This would be great if the government was willing to do this. The very nature of government is to keep expanding and expanding, with nary a care for the limits the Constitution places upon it (see the debate over a rigid Constitution vs. a living, breathing one). But de Rugy’s idea is a fantastic one, which could be accomplished several ways, as long as people have the patience for it. The first obvious way of getting an expiration date put into place is for a Congressman or Senator to propose it. Someone like Utah Senator Mike Lee or Rand Paul or Congressmen Thomas Massie and Justin Amash could float a law requiring Congress to put expiration dates on their legislation. The cynic in me says it’s unlikely to pass, but it’s certainly something which can be proposed over and over again, if the right people get behind it.
The second method is the Constitutional amendment route. This is also a bit of a tricky way to get things done because it depends on 2/3 of the House and Senate agreeing on the measure. It would then be sent to the states to for 3/4 approval, which is easier said than done. The only other way to get the amendment locked in is through an Article V convention. This might work, but Forbes contributor Steve F. Hayward noted there is an element of danger to it:
Others worry about a “runaway convention,” in which the delegates produce a number of other changes to the Constitution, perhaps changing the First Amendment to allow for greater federal control of political speech. (At least one member of the Compact for America team, Harvard’s Lawrence Lessig, is hoping a convention would enable overturning the Supreme Court’s Citizens United ruling.) Liberals want to change the Constitution far more than conservatives do, and would be highly motivated to exploit a convention.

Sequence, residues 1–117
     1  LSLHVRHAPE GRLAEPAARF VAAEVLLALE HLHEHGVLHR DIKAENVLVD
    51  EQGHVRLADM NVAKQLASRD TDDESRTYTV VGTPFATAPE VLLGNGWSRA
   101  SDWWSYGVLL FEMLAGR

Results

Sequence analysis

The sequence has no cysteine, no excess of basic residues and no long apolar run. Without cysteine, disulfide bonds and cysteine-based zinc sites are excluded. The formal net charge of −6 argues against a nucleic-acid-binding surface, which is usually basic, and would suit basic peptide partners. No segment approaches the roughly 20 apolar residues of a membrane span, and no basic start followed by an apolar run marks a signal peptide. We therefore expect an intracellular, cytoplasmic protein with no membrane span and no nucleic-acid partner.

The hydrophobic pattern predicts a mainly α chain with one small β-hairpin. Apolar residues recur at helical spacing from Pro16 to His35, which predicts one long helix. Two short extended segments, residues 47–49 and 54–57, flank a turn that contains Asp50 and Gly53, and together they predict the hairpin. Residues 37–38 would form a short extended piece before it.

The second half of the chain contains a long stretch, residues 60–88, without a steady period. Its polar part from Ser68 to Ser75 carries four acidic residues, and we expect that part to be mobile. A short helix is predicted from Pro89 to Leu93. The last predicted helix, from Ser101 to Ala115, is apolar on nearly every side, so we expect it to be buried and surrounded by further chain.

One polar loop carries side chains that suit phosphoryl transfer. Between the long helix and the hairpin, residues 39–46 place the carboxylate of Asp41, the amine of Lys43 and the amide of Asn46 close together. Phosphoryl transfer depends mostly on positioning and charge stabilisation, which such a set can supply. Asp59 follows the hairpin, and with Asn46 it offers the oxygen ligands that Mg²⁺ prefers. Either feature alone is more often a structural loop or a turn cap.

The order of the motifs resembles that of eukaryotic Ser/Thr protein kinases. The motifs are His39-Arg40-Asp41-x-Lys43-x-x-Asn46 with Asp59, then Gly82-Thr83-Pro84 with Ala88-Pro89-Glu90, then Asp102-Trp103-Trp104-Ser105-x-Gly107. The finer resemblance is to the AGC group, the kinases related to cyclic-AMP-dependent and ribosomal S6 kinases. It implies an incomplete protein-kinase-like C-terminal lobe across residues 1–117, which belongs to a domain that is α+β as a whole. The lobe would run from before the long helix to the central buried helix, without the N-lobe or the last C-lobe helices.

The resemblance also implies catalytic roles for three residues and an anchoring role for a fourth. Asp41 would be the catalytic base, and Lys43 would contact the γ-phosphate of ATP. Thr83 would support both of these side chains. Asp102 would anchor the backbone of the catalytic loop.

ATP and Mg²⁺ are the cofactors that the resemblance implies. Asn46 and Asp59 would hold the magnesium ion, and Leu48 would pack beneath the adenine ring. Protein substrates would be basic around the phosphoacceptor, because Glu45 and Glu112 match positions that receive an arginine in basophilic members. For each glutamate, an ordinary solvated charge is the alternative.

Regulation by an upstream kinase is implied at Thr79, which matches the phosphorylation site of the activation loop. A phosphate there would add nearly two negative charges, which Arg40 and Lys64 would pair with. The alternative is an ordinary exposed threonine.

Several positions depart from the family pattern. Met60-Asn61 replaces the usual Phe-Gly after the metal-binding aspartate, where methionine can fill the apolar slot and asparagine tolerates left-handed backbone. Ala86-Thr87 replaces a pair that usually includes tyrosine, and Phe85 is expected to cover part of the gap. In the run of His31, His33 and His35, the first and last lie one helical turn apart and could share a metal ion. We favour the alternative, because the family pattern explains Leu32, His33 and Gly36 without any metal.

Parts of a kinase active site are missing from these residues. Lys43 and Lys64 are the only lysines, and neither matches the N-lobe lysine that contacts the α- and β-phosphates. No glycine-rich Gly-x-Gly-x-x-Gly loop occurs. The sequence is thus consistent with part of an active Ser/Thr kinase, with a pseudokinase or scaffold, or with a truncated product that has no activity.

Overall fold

The third method is the most likely, and the one requiring the most patience: elect representatives who will push for an expiration date. This means picking candidates who espouse limited government beliefs, and actually stick to them. It also means keeping these candidates accountable if/when they get elected into office. But this fight isn’t going to be solved in four or five election cycles. It’s going to take 20 or more to get people in office who truly believe in limited government. This is the hardest road for conservatives and libertarians to take, and the most fruitful. IF they’re willing to go down this road and not get distracted by every new crisis or deadline which comes up. This also places responsibility on the voters and activist to keep their elected representatives accountable. It means showing up to town halls, calling into their office, or just lobbying others when the elected official goes astray. It doesn’t necessarily mean throwing them out for every sin, unless those sins keep piling up and the politicians show no willingness to listen to constituents. De Rugy’s idea of an expiration date for legislation is a great one, but it’s going to take time for it to get there. It just depends on how willing the Right is going to be to keep their people accountable.